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How to Diagnose Bad Leaking Valve Cover Gasket

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How to Diagnose Bad Leaking Valve Cover Gasket

Created on: 2018-01-17

Check out this video to learn how to diagnose a leak in your valve cover gasket. This video is applicable to most vehicles.

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Hi. I'm Mike from 1AAuto. We've been selling auto parts for over 30 years!

How to tell if your car needs new valve cover gaskets. So on the top of your engine – this here, we have a four cylinder inline engine, but it will be similar for other engines if they are V6s or V8s. Underneath this plastic cover there is a secondary cover that is actually covering all of your valve train components, and where that meets the top of the engine's head there is a gasket that seals and holds in the oil.

When this gasket fails, you'll get a bunch of oily residue leaking out. Because oil is sticky, dirt and debris will stick to it. This is the number one easiest way to tell that you need a valve cover gasket. It's very obvious that this is leaking. However, some other things that would be a problem attributed to a leaking valve cover gasket would be oil loss.

So if you're checking the oil regularly and the engine oil keeps going low, it could be leaking from the valve cover gasket. Also if you've got a rough running or engine misfire, the valve cover gasket also seals around where the spark plugs go into the engine, so there could be oil leaking down into the spark plug openings and then leaking past the spark plugs that will give you a rough running and misfire.

The valve cover gaskets are typically near the exhaust manifold, so if there's oil leaking – this exhaust manifold is of course hot when the engine is running. The oil will burn off and you'll get a burning oil smell. Sometimes you'll even see smoke coming from underneath the hood and a faint whiff of burning oil. Worst case scenario: if this is really leaking very badly it could cause a fire.

Some engines have plastic covers over the valve cover gasket, so this is basically just like an appearance cover. What I'm going to do is remove it so we can get a closer look. Now you can better see the top of this engine. Some engines use a plastic valve cover. This one is aluminum. It matches the same metal that the engine is made out of. There is some oil that's been spilled from when the cap has been off, when the oil has been added to the engine, spilled underneath the oil fill cap, but the majority of this oil is coming from a failed gasket, because you can see the seam between the valve cover and the engine head, so the gasket seals between that seam. It goes all the way around. You can see some oil leaking in the back.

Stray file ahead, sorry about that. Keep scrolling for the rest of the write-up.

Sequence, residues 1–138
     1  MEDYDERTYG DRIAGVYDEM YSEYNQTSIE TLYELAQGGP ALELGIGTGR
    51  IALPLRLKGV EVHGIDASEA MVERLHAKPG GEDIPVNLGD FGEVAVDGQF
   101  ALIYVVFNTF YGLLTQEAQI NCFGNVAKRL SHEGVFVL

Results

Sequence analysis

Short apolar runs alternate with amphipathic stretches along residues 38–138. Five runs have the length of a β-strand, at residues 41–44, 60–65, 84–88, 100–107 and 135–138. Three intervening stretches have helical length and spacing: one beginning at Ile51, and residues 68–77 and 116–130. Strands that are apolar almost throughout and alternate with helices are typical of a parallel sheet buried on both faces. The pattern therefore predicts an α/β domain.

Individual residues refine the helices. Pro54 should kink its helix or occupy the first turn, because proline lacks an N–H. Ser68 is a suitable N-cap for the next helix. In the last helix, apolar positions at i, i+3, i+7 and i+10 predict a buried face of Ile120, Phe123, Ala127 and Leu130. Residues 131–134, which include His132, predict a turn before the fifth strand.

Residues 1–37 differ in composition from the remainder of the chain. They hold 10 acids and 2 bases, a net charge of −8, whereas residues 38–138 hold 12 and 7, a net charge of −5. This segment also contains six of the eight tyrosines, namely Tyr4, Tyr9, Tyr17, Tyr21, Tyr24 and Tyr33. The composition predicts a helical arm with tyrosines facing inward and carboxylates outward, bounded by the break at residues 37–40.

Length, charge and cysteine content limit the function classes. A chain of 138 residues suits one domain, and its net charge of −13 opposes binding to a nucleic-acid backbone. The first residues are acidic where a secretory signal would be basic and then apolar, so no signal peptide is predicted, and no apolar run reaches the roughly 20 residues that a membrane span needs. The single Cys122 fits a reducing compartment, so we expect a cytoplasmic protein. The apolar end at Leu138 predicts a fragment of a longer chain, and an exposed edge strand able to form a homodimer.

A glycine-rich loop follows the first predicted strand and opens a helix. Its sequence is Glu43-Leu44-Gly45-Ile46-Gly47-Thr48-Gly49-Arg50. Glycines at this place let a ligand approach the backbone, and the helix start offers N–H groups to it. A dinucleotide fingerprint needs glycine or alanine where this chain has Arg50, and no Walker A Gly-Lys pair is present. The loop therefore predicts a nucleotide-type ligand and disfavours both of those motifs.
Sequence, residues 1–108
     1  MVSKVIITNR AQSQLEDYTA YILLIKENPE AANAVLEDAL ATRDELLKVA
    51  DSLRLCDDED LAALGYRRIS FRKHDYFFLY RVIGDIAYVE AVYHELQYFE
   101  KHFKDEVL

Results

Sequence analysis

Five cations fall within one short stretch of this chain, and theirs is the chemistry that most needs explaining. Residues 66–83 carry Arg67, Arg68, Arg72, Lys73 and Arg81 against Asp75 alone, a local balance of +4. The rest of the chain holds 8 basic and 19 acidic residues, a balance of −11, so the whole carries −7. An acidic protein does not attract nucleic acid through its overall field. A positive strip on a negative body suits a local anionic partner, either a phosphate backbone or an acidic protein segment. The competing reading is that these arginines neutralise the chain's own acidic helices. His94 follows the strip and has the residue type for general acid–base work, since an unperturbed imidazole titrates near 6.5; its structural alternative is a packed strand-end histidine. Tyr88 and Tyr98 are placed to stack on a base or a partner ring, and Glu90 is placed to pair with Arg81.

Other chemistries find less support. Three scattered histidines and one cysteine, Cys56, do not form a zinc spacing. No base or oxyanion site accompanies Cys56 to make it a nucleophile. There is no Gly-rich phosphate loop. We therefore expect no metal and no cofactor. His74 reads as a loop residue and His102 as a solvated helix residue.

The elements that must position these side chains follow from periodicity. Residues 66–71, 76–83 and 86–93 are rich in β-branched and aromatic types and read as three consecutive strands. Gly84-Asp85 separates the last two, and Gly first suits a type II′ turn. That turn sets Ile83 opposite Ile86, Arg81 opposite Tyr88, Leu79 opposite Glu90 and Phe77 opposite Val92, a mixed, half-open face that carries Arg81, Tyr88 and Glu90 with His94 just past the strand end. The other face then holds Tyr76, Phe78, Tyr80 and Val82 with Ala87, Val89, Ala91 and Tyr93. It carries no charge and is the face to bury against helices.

This is what a valve cover gasket can look like. It's kind of looped around here, so this is flexible rubber. It would be in the outline of the valve cover. Just the way it's packaged in here, it kind of looped around. Then in the center part there are little seals for each spark plug. Some valve cover gaskets, these are all one piece. Sometimes these come separately as little O-rings that need to be replaced, but they all work in the same manner. In this particular one it's all one piece, so it would be pretty easy to change. In an overhead cam engine like this, where it's a four cylinder and the valve cover is right on top, these valve cover gaskets are very easy to change. The V6 valve cover gaskets or V8 valve cover gaskets can be a little more difficult. You might have to remove the intake, but they're a pretty simple procedure for anyone that wants to do it at home.

Right here on your valve cover is the PCV valve, or positive crankcase vent. This vents pressure from the engine back into the intake manifold. This can get clogged over time and dirty. If it gets clogged up and the pressure can't vent it will push the crankcase pressure out of the valve cover gasket. That could also cause a valve cover gasket leak, so these should be changed according to your owner's manual.

Just in general what you do on your engine is if you've got coils in the top just like this you'd remove each coil pack. You can leave the spark plugs in the head. You don't need to take them out. The spark plugs are underneath the coils. You'd find all the valve cover bolts that are holding it on. You'd loosen all of those. You'd loosen all of the vacuum hoses, any type of electrical harnesses that are bolted to it. This is a PCV valve on this engine. You'd get those all out of the way.

You'd remove your valve cover. You don't need to drain the engine oil because when the engine is cold all the oil is in the pan. You can take your valve cover off, replace the seal. You'd need to remove the old one. It can be dried in there. You might have to work at it to get it out. Then you'd put your new seal in, replace the valve cover, tighten all your bolts. Reinstall your coil packs and any hoses you may have taken off. Then you can clean with brake parts cleaner around the engine and get rid of any excess oil that's been spilled here. You could use an engine degreaser, anything. You just want to clean up all this oil so that if the valve cover gasket fails at any point in the future you'll be able to tell because you'll see the fresh oil.

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